Term of Award

Fall 2011

Degree Name

Master of Science in Biology (M.S.)

Document Type and Release Option

Thesis (open access)

Department

Department of Biology

Committee Chair

Michelle Cawthorn

Committee Member 1

Stephen P. Vives

Committee Member 2

Lissa Leege

Abstract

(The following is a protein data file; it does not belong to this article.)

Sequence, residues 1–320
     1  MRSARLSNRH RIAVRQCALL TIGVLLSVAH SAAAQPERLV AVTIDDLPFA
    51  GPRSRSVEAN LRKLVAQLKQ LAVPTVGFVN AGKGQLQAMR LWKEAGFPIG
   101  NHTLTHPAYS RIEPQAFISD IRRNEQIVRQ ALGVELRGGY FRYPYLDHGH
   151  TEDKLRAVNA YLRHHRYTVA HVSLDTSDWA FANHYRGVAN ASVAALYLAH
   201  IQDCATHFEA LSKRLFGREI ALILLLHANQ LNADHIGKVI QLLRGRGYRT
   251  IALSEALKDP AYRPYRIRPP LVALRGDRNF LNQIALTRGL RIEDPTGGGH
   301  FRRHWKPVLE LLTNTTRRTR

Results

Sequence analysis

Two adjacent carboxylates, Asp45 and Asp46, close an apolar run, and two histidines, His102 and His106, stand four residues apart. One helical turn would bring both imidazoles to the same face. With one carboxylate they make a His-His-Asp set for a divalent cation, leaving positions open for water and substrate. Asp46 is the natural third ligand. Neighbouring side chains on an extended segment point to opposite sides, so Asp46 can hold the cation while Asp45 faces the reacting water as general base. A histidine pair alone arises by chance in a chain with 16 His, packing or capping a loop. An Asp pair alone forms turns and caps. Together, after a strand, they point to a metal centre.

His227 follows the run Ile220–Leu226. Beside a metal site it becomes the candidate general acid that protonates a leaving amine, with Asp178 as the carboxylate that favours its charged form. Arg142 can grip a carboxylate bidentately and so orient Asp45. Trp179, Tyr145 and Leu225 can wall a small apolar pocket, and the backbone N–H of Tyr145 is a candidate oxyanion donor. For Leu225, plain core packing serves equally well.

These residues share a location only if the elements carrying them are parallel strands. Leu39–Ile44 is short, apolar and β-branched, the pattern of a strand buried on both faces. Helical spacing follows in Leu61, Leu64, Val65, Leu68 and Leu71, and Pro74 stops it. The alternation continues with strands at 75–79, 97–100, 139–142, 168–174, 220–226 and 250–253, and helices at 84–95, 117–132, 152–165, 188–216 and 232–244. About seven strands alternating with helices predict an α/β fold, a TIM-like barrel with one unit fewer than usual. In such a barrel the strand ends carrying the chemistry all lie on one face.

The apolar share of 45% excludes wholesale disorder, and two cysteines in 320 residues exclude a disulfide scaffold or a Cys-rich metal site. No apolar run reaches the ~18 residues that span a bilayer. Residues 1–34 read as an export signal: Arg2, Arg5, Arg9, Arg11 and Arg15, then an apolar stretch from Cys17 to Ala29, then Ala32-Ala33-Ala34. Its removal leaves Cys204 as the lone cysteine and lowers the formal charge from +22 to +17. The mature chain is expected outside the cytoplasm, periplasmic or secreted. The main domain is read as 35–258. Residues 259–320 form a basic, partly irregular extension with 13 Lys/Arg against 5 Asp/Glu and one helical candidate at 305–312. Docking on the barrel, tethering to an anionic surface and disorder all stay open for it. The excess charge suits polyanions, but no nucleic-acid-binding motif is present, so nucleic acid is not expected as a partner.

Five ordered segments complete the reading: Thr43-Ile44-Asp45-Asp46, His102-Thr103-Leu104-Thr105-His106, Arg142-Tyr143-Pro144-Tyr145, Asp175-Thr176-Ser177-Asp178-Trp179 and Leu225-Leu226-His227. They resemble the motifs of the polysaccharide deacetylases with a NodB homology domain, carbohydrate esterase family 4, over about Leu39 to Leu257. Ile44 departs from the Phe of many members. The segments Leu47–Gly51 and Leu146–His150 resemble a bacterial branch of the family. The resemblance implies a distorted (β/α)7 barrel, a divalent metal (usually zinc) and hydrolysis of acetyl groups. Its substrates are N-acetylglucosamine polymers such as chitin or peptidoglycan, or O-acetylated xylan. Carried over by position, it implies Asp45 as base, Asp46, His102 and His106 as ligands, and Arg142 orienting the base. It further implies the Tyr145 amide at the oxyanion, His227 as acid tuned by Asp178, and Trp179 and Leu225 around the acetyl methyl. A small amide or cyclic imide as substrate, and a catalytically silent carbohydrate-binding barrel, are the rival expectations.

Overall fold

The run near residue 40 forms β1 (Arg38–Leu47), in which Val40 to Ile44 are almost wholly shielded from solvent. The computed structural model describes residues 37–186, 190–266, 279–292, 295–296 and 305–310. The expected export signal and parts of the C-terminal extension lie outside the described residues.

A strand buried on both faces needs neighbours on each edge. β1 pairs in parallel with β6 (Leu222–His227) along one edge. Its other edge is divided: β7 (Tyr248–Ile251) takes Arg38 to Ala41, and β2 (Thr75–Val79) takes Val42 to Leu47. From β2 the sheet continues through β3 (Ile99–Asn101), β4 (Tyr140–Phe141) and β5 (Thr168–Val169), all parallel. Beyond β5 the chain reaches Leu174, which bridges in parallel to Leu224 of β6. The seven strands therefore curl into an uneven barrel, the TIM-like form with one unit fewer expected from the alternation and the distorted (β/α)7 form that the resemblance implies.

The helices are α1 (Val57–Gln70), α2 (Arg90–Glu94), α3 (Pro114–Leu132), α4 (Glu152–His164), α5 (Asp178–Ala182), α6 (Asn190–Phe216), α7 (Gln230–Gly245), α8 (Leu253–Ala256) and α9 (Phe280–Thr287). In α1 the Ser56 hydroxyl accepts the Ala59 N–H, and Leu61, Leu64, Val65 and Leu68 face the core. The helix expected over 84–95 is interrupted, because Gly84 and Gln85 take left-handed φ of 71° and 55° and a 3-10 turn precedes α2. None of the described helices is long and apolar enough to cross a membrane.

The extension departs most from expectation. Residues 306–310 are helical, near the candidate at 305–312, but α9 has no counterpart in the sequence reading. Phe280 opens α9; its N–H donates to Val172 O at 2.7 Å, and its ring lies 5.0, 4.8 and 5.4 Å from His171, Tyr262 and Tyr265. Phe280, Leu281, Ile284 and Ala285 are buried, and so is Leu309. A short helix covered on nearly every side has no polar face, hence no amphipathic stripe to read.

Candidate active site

Eastern gray squirrels inhabit a large range of heterogeneous habitats and climates, and live with various levels of anthropogenic disturbance. Previous studies have examined this species in unmodified and modified surroundings; however, a comparison of populations between these habitats has yet to be published. Their widespread occurrence coupled with their success in urban areas and the invasive nature of introduced populations, suggests this species is behaviorally flexible. The purpose of this study was to determine the effect of anthropogenic disturbance and development on gray squirrel nesting behavior by comparing variables related to nesting habitat preference among habitats of differing levels of anthropogenic disturbance. Among the habitats, food trees were preferred over non-food trees. Nests were built at a height of approximately 12 m. Tree size preferences tended toward those at least 10 cm in diameter. Trees used in developed areas were larger than trees in natural areas, due to availability; but a trend toward larger trees was observed in undeveloped areas as well. Based on nesting behavior, eastern gray squirrel populations do not appear to be adversely affected by anthropogenic modification.

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